The Russian Department of Environmental Management and Ecology in July and August examined 58 petrol-filling stations (189 samples were taken) in Moscow and registered six cases of environmental violations. The total number of registered violations since January has reached 15 cases, Timur Chernyshev, the Department’s press-secretary, told The Moscow News.
The examination was conducted by independent experts, and the violators will be charged 400,000 rubles (a little less than $16,000) in fines. Later, in order to guarantee that the violation was eliminated, their products will be examined once again within a month after the violation’s registration. “Actually,we are permitted to examine one and the same patrol-filling station only once a year,”Chernyshev told The Moscow News. But he admitted that the examinations could become more frequent if residents begin to report to the Department via their hotline (205-8562) about any kind of ecological violations.
“All calls are followed up by an examination within three to four days after a complaint has been filed,” Chernyshev said.
It will be possible for people to keep track of the department’s work and learn the results of the investigations.
“We check fuel that matches with ecological requirements. In Moscow that’s Euro-3 standard,” he said. The owners of the capital’s petrolfilling stations are certainly unhappy about this requirement. This ecological standard applies to Moscow only, while the rest of Russia still adheres to the Euro-2 fuel standard.
The result is that fuel in the capital has become more expensive as compared to other regions. Consequently, it appears that Moscow’s ecological measures are more of a discriminatory character than any relaible arometer of the city’s ecological safety. Some say the ecological situation in Moscow could be drastically improved only if Euro-3 or higher standards were made obligatory for filling stations across the country. Otherwise, the Moscow measures will remain ineffective, especially taking into account that hundreds of thousands of vehicles drive to the capital,many from outside the city.
Moscow Mayor Yuri Luzhkov has said that exhaust fumes from vehicles comprise about 80 percent of atmospheric pollution in the capital. This shocking statistic gave him the grounds he needed to file an application to the Russian government in December 2006, introducing legal action for the production of “fake” petrol.
However, the Moscow authorities’ application found no support in the country’s governmental circles. This year the situation with the quality of petrol in Moscow has changed much compared to 2006, when the Department for Environmental Management and Ecology examined 188 petrol-filling stations, took 654 samples, and registered 47 samples on 38 stations (20.2 percent of the total number of those examined), which failed to meet ecological requirements. The fuel at 28 of those filling stations could not even meet the rather lax state standard.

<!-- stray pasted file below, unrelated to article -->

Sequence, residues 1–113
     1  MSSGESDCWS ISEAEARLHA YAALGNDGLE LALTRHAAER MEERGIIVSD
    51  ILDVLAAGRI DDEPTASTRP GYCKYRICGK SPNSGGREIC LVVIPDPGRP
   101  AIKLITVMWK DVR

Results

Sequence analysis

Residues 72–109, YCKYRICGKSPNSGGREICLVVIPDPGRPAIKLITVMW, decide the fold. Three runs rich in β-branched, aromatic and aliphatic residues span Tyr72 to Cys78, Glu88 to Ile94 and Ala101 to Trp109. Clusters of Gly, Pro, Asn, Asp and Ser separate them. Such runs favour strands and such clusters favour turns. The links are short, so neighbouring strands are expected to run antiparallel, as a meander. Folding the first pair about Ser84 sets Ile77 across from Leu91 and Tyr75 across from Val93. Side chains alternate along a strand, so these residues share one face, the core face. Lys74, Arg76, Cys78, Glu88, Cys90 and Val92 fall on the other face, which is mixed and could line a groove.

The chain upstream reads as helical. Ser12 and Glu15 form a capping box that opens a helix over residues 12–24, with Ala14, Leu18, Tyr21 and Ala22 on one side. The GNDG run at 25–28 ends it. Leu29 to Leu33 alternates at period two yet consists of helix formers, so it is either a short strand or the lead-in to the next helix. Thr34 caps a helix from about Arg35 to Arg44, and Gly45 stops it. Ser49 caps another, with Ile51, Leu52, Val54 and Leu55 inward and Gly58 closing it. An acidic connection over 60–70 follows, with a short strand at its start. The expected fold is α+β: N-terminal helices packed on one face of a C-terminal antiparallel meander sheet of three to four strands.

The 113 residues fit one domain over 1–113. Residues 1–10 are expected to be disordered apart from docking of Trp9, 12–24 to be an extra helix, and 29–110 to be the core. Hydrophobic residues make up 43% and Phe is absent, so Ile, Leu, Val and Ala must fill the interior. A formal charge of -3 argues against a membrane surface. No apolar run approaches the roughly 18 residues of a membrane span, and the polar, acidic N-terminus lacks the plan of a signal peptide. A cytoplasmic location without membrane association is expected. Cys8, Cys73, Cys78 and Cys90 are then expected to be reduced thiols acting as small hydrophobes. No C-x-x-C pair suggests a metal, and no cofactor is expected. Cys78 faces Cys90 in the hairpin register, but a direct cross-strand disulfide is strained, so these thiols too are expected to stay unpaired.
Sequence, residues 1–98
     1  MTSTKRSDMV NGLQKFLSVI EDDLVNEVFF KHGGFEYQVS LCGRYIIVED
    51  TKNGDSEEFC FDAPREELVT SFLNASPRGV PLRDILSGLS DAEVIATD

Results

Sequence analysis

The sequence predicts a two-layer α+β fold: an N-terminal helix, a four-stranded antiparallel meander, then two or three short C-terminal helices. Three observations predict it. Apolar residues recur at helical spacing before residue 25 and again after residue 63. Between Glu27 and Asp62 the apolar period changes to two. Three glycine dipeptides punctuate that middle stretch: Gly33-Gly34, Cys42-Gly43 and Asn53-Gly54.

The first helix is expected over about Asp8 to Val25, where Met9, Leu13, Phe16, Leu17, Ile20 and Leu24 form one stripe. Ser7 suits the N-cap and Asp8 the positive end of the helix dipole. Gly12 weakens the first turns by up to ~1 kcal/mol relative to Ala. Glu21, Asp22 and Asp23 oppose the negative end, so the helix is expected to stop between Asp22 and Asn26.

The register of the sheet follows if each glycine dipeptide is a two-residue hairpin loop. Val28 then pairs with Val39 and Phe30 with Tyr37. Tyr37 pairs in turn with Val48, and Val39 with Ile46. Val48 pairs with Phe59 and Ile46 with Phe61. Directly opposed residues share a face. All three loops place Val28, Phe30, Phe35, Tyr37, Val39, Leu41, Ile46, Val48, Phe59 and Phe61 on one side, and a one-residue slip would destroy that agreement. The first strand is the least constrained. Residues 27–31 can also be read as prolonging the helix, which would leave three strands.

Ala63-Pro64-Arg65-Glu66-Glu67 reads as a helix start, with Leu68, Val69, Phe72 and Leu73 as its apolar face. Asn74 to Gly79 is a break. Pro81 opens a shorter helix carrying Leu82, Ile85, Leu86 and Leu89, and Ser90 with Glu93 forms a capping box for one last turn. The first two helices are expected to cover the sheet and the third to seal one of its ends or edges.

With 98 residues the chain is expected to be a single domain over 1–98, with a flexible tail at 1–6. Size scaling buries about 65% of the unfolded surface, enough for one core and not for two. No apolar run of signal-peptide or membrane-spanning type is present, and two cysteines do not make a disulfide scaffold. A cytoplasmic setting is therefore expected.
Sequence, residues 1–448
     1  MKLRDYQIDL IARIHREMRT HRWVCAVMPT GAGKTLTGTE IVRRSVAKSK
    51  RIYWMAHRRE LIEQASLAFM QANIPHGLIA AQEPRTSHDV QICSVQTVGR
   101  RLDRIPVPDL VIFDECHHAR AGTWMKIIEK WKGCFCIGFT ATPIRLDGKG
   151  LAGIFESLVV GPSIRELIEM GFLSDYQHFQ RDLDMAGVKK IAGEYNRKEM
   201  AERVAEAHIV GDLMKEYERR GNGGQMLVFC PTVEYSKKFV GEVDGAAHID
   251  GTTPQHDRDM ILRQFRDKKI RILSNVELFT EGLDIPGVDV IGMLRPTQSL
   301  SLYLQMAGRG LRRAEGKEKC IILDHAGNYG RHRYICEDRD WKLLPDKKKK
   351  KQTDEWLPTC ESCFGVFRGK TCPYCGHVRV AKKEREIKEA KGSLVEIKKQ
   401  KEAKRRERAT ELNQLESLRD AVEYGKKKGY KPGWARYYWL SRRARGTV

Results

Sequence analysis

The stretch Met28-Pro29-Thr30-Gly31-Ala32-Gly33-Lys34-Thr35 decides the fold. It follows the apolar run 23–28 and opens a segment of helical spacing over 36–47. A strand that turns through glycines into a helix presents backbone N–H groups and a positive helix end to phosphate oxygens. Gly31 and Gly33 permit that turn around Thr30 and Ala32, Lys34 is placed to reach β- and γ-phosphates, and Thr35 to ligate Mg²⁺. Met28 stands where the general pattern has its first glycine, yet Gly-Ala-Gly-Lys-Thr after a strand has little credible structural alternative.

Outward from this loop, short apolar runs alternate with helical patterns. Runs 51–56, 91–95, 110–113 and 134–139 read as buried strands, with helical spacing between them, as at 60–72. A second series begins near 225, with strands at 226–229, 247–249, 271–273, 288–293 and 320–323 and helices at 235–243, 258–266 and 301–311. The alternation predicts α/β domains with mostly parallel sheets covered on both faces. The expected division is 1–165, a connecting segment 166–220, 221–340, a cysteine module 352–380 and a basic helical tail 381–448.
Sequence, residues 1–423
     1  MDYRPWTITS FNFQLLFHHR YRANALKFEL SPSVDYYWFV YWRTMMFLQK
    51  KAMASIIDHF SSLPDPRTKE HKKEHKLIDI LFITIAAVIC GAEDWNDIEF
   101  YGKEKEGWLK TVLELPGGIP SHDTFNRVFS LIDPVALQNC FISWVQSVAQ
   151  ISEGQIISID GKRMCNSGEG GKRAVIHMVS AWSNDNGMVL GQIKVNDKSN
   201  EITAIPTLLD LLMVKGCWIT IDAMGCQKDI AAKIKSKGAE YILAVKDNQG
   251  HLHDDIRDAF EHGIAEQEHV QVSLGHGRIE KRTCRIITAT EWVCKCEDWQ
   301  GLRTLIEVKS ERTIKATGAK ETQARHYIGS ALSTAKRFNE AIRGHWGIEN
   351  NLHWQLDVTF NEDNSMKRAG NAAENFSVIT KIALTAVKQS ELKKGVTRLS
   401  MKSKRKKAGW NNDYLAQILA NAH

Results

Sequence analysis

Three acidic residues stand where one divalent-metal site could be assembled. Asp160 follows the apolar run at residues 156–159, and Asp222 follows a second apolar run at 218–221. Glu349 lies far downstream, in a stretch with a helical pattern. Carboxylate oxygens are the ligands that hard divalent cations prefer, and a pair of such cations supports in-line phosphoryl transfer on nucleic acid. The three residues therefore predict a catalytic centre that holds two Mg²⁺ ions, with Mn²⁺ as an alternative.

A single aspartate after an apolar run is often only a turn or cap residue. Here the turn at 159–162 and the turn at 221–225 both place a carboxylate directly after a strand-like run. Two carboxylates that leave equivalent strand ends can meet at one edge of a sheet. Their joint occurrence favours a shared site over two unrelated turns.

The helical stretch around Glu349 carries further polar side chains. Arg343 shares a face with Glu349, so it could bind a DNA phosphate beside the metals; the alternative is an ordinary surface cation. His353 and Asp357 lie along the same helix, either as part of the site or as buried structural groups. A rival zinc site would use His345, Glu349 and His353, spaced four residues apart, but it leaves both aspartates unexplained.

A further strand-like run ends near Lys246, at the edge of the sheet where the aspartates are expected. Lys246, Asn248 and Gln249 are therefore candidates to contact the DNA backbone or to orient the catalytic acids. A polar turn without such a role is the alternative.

“We check not only fuel on its matching with ecological requirements, but hold a complex examination of petrol-filling stations,” Chernyshev said. Every filling station has to have a plan of action aimed at preventing the accidental spill of oil products and its liquidation; cleaning arrangements for runoff water; documentation of waste disposal, garbage disposal, disposal of mercury- and oilcontaminated waste, etc.
“Our inspectors brought to light several of these violations this year, but the latter were insignificant,” Chernyshev said.
By Sergei Dmitriyev
The list of petrol-filling stations whose fuel did not match ecological requirements:
These six stations were booked in July-August, 2007:
1. STOKAP-LTD firm (the station’s lcation is Volokolamskoye highway, estate 101),
2. Bi-Gaz-Si JSC (Shoseynaya street, estate 1, building 10), 3. Transservis-A.S.Ltd. (Krasnokholmskaya quay, estate 13),
4. Riton Lux Ltd. (Moscow outer ring rod (MKAD) 52nd kilometer, estate 4),
5. TTTs AZS-21 Ltd. (Varshavskoye highway, estate 170g),
6. and Trans AZS CJSC (2nd Rybinskaya street, estate 14, building 1),
The Depatment’s website lists the following stations for violations earlier this year:
7. Torg Servis Ltd. (Tvardovskogo street, estate 16/2)
8. Torg Servis Ltd. (Mira avenue, estate 142)
9. Mezhgortrans JSC (Dvintsev street, estate 14)
10. Vlatika Ltd. (Lermontovsky avenue, 5/2)
11. K-Oil Ltd. (B.Kosinskaya street, estate 8)
12. Torg Servis Ltd. (N. Mnevniki street, 68, estate 62)
13. Avtoservis Ltd. (Borovskoye highway, estate 17)
14. MASTA Ltd. (Vernadskogo avenue, estate 10А)
15. Krossinvest CJSC (Vernadskogo avenue, estate 6А)